Brink's exhilarating online combat brings objectives and parkour to the table, though it's held back by serveral issues.
charlie_killer wrote this review on .
We'll get this out of the way first--Brink relies entirely on its online component to carry the experience, so a story would hardly seem necessary in that regard. Brink however tries to engross the player in its universe as the game's brief opening concludes with a choice. Will you join The Security personel who are trying to maintain law and order on the self-sustaining, seaborne city called the Ark, or will you join the rag-tag rebels who desperately want to escape it and seek help from the outside world? Regardless of your choice, you're free to pursue any of the missions that make up both of the campaigns but save for the cutscenes and objectives, they dont vary a great deal from one another and they are essentially just a strict series of preliminary bot matches, making for a single-player experience that feels passable at best.
Instead, the joy of Brink lies online where up to 16 players can square-off in objective rich battles that emphasise teamwork, classes and parkour. All while you're gaining experience to level up and trick out your character with new abilities, weapons and clothing. Making your own distinct character is one of Brink's greatest strengths as there a ton of cosmetic options for you to play around with and you have ten different character slots to utilize as well.
The heart and soul of Brink is the class system; Soldier, Engineer, Operative and Medic run the gamut with different abilities and stat boosting buffs for each class. Soldier is your typical grunt who lays waste to enemies and resupplies his team with ammo while engineers can power up weapons and deploy turrets and mines. Operatives spot and disguise themselves as enemies and Medics heal and revive. At any point during a match, you can hit up a command post and change out your class and weapons depending on your teams needs as objectives such as blowing up a door, escorting a maintanence bot or hacking door controls often require a certain class to complete. However, regardless of your role you can always bring up your command wheel and pick a task that benefit your team in other ways. You can opt to capture enemy command posts, defend areas, escort teammates and much else but you shouldn't have a problem piling up your XP meter either way. What's great about Brink is that it constantly rewards you no matter what you do, as shooting enemies ad nauseum, is just as rewarding as reviving teammates or handing out buffs.
The core shooting action in Brink is solid, but your arsenal mostly consists of point-and-shoot weapons that with the right attachments and abilities rarely require you to look down the sights to be accurate and you can expect to bash downed enemies with the butt of your gun a lot, since emptying a clip in the face of the opposition means incapacitating them, not killing them.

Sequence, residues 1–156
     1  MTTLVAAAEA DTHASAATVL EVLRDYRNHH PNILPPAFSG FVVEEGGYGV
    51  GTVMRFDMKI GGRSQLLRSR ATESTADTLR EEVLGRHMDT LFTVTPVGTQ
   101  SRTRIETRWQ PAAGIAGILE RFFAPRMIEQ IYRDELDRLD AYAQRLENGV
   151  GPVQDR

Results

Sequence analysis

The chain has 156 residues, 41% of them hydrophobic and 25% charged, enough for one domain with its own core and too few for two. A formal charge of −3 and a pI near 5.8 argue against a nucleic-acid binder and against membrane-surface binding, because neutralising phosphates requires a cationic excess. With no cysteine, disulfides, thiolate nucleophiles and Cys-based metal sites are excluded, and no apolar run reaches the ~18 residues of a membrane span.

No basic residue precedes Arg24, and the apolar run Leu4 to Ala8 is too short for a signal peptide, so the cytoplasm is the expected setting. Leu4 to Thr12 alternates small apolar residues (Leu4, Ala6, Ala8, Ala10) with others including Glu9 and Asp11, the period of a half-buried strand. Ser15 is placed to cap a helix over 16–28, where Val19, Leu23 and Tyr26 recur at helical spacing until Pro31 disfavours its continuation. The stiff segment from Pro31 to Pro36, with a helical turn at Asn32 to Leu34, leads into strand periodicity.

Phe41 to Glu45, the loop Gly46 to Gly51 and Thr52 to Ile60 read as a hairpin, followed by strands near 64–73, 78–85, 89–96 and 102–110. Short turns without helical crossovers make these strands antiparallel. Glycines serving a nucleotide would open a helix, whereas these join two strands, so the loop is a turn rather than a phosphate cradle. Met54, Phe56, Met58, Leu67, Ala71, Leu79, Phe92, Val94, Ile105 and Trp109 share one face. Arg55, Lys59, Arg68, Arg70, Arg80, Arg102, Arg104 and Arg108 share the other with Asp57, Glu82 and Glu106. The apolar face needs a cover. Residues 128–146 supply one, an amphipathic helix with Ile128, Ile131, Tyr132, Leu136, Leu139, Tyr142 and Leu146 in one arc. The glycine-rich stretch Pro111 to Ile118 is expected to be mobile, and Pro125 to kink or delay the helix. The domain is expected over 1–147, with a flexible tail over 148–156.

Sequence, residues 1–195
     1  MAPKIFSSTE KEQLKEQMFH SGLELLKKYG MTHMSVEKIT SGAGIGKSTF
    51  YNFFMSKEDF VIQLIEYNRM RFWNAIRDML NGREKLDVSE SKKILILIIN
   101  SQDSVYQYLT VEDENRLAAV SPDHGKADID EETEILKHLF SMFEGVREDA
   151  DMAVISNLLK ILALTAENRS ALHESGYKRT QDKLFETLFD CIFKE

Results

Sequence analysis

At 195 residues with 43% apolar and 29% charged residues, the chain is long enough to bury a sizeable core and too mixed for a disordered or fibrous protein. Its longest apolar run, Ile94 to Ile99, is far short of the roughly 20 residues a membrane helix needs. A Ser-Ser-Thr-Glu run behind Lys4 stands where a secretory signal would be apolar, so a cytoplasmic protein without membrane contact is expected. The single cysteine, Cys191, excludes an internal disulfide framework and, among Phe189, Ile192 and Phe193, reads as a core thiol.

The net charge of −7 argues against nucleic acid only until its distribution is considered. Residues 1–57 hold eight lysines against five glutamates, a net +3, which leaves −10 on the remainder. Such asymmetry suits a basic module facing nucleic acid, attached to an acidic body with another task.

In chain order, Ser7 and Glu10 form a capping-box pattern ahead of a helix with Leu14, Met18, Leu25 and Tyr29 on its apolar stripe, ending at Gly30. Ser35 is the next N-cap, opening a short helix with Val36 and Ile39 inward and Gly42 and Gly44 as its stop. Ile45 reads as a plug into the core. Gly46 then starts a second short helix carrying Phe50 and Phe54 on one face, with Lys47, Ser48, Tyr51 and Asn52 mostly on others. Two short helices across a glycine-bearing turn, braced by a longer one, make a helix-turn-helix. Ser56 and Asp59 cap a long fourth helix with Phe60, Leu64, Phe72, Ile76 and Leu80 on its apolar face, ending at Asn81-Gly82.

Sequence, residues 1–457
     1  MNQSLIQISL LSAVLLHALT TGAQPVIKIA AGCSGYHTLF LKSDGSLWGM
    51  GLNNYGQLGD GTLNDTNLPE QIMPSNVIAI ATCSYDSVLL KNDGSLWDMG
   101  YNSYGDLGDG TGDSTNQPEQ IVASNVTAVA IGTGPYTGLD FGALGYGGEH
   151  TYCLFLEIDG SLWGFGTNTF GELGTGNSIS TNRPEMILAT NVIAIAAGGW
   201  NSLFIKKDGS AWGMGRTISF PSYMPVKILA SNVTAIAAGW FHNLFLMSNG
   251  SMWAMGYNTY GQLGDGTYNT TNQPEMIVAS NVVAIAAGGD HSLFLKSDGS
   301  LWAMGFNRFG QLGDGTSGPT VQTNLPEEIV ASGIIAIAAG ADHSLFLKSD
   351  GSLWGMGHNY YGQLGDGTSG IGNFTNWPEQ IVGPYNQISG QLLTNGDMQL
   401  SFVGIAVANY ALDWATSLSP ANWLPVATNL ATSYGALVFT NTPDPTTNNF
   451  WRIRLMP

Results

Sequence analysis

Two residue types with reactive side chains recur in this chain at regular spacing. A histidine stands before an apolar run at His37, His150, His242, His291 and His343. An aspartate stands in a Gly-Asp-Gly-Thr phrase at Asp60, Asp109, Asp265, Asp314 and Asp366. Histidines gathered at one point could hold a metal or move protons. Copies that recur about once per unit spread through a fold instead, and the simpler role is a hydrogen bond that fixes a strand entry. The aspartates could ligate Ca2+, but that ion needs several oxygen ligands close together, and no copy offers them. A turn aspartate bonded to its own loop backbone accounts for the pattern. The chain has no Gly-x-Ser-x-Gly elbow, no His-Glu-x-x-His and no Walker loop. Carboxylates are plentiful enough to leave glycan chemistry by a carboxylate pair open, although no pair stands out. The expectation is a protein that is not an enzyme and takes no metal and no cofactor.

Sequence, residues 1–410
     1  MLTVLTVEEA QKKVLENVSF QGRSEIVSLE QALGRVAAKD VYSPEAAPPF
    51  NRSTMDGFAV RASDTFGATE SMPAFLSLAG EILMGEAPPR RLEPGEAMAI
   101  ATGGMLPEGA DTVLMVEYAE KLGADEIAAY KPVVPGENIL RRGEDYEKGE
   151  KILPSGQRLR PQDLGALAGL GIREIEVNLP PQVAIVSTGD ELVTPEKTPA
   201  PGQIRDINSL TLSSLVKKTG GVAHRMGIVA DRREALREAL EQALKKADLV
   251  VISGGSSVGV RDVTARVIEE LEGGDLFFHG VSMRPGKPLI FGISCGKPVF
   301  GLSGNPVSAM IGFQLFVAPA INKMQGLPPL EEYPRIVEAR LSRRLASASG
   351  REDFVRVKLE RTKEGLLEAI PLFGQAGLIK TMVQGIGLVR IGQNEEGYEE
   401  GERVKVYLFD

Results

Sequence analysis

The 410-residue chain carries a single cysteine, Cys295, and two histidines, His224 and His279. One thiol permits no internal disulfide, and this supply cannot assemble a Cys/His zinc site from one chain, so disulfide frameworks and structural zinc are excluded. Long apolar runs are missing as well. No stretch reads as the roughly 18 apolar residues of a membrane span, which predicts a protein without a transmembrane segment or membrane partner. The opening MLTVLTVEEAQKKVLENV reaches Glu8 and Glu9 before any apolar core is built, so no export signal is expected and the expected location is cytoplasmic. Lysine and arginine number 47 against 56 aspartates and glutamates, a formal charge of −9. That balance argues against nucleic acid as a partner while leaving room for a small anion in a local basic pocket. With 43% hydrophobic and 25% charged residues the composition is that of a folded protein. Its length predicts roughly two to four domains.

A big deal has also been made about the S.M.A.R.T system, or `Smooth Movement Across Random Terrain´ as the abbreviation really stands for. Basically what this means is that you can at any time hold down your sprint button and pull off all manner of jumping, vaulting, sliding and wall hopping moves and your overall speed is determined by your character's archetype, which range from light to heavy. It's a neat system, allowing you to escape hairy situations or slide tackle enemies before finishing them off with a shotgun blast but none of the eight maps seem to be designed around it, so it's really up to you to find suit ful applications for it.
One of Brink's biggest problems is that it doesn't have a whole lot of content to speak off. The game caps at level 20, preventing access from every single ability and the eight maps start to feel a bit familiar after a while. Atleast you can play the game with any combination of players and bots as your single-player session can turn into a co-op or versus game if you're so inclined, and new maps is apparently on the horizon, through free DLC.
Brink isn't the game for everybody. It lacks a proper narrative, favors teamwork over shooting and the lack of an actual campaign might baffle some players. Yet for the deep customisation, class system, parkour elements and unique gameplay structure, Brink is a refreshing take on shooter conventions and while it's a lackluster singleplayer experience, the online will definitely eat up some late nights, provided you latch on to it. Bliss may not be inevitable, but The Ark is still a waiting.
+Dynamic class system let's you contribute to the fight
+Deep character customisation
+Integrates solo, co-op and competitive play seamlessly
+S.M.A.R.T makes moving around a flexible process.
-Lackluster singleplayer experience
-Only eight maps
-Audio and visual glitches can be distracting.
Game Emblems - The Good:
Strong Competitive Multiplayer
Game Emblems - The Bad: